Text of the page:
The spread of malware almost always requires that it can store code locally and then execute it in the context of the logged-on user. This applies to infections via mail attachments and malicious Office macros as well as drive-by attacks when visiting infected websites. It is obvious that consistent whitelisting of legitimate applications will put a stop to this.
Complex maintenance of rules ^
Although Software Restriction Policies (SRP or SAFER) have been in Windows since XP, the use of app whitelisting is not very widespread.
The most important reason for this is likely that many companies shy away from the effort to create and maintain the required set of rules. If you are not careful enough, you will either have to face numerous calls to the helpdesk to unblock legitimate applications or deal with loopholes for malicious code.
Preventing programs starting from the user profile ^
Often IT pros think you must explicitly approve all valid applications. However, for solid, basic protection, it is enough to allow applications only from the program and Windows directories and prevent code execution where users have write access.
This blocks all programs the user (unknowingly) downloads from the internet or wants to start from a USB stick. On the other hand, everything the administrator or a software distribution tool has installed on the computer will still run. This ensures that a careless click on a mail attachment does not lead to nasty consequences.
Standard user as a target group ^
The whitelisting functions cannot fulfill all expectations. Thus, it is almost impossible to prevent local administrators from executing unauthorized software because they can break the lock by stopping services, changing the registry, or using other bypassing strategies.
Thus, effective whitelisting requires that companies follow the principle of least privilege and do not grant administrative rights to normal users. Conversely, reduced permissions alone are not enough to protect against malware because it can cause considerable damage even in the context of standard users, for example, by encrypting their data.
Windows directory with loopholes ^
But even basic protection is not achievable easily. Thus, just unlocking C:\Windows and all of its subdirectories falls short because there are also folders in which standard users have write access. In addition, attackers can abuse programs normal users do not need, such as cipher.exe.
On the other hand, legitimate applications may need to start from the user's profile, typically a result of poor programming. Microsoft itself provides an example of this with Windows Defender Antimalware.
Rule types based on various criteria ^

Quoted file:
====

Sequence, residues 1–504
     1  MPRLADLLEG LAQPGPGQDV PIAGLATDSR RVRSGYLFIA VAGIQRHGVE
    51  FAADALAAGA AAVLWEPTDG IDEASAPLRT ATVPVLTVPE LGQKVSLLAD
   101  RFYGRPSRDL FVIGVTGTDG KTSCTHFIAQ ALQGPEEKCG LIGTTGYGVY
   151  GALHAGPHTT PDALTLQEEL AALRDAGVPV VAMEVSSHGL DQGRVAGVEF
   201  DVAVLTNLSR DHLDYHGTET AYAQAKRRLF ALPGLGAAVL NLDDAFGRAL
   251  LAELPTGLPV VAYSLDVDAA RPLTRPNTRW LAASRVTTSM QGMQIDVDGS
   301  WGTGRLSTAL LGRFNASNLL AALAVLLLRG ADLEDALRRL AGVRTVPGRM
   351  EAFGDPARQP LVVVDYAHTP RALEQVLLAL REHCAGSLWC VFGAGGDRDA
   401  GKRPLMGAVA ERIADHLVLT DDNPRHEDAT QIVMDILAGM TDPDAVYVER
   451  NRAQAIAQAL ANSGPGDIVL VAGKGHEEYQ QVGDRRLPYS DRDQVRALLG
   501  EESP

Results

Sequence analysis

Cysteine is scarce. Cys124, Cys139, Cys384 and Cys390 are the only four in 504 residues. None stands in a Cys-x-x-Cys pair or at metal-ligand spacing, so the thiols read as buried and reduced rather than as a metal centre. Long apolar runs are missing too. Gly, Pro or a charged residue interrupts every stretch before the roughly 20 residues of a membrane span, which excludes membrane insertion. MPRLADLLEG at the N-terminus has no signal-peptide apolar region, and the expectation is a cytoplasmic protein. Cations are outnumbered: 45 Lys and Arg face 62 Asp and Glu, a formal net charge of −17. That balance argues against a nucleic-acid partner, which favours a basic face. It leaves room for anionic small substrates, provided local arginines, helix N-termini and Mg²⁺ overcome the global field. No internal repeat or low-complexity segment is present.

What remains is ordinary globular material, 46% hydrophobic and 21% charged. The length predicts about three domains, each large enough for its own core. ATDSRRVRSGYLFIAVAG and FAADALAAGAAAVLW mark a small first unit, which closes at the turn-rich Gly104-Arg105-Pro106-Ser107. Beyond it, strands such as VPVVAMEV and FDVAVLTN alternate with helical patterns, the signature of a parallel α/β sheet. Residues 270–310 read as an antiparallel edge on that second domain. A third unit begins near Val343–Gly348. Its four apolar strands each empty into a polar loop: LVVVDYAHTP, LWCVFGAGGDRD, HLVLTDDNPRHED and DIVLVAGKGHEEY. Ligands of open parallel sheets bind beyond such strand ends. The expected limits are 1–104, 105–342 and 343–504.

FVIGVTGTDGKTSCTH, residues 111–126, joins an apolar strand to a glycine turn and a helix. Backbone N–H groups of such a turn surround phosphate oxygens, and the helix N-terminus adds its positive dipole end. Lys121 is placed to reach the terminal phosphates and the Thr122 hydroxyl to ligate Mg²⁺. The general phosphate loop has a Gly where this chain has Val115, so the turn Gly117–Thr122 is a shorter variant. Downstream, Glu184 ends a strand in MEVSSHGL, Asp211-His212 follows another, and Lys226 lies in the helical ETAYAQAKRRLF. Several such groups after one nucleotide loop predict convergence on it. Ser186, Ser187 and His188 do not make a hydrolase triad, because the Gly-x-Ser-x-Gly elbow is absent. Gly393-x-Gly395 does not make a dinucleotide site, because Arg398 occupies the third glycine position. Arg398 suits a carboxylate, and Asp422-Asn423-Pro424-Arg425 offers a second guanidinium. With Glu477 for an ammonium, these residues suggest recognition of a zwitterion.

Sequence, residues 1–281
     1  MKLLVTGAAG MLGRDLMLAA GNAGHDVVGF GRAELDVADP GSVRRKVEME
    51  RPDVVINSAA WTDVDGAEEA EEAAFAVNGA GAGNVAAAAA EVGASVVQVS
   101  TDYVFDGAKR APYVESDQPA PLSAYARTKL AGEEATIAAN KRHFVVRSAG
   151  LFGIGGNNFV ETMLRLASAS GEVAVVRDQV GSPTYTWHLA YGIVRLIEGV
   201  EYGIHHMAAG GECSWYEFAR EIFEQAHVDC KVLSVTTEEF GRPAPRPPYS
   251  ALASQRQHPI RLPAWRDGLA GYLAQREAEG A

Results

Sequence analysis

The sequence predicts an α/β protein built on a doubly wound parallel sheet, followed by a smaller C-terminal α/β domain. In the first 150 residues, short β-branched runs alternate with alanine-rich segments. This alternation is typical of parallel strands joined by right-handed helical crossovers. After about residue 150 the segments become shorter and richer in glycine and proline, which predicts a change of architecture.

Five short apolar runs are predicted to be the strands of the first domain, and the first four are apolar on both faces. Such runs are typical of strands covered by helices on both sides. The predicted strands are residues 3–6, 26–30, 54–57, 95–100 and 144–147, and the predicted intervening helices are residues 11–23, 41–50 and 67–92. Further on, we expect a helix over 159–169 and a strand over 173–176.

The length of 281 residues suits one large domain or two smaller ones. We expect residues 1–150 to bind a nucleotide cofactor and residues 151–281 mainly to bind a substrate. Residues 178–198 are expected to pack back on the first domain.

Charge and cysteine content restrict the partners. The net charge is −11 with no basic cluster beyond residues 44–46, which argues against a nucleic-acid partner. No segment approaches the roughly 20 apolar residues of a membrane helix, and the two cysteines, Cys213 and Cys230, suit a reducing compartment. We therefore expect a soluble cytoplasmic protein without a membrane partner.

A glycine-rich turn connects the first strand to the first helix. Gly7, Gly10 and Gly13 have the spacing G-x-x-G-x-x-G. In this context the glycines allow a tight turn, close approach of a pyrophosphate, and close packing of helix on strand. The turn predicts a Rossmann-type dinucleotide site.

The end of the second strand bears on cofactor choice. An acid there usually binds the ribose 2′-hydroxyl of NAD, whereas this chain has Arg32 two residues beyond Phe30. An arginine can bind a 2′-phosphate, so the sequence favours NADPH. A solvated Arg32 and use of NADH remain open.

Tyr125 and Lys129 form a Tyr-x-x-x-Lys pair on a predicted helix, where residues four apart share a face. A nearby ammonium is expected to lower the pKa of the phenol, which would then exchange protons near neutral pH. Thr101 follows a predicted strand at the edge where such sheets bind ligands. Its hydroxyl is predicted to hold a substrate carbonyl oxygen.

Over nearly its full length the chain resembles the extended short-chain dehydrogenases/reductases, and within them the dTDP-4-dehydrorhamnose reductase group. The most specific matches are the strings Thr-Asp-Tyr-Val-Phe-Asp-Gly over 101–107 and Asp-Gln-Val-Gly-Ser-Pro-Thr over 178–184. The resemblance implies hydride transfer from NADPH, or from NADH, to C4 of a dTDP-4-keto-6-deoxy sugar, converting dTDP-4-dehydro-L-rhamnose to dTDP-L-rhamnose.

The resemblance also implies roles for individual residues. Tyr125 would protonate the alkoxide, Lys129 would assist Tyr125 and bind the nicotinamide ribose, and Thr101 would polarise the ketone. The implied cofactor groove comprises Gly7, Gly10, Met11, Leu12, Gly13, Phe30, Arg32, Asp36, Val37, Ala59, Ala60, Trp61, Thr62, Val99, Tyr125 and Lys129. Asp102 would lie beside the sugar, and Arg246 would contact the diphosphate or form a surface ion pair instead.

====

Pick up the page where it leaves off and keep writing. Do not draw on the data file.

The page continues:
As these examples show, several rules are necessary to allow execution of applications from program and system directories while at the same time preventing users from starting code stored in their profiles. The whitelisting mechanisms provide different rule types for this purpose.
For example, they allow starting applications depending on the manufacturer, the path of the program file, or the hash code for the executable file. In an ideal world, you would just allow signed applications from selected suppliers. But since not all applications will be signed in the foreseeable future, you also have to resort to other means.
For example, you can unlock a trusted, unsigned application in a user directory by generating a hash code from it. But as soon as the file changes even slightly due to an update, you have to update the corresponding rule as well.
Testing rules in audit mode ^
To avoid complications caused by inadvertently blocked software, most app whitelisting tools offer an audit mode. It logs all events where rules affect applications.
In this way, the administrator gets an overview of which programs are running and which programs whitelisting would block in enforcement mode.
Software Restriction Policies ^
The SRP (or SAFER) is the oldest Windows mechanism for whitelisting applications. Only this one is included in all versions and editions of the operating system (including Server). Since Windows 7, SRPs only provide for two levels of security, namely Not Allowed and Not Restricted ("Running as a basic user" is no longer applicable).
In addition to rules based on certificates, hashes, and paths, SRP also supports those based on internet zones. The feature does not include a set of pre-existing rules that would already provide basic protection. Rather, it is up to the admin to develop the entire set of rules. However, an audit mode is lacking, with which one could first observe the effect of restrictions.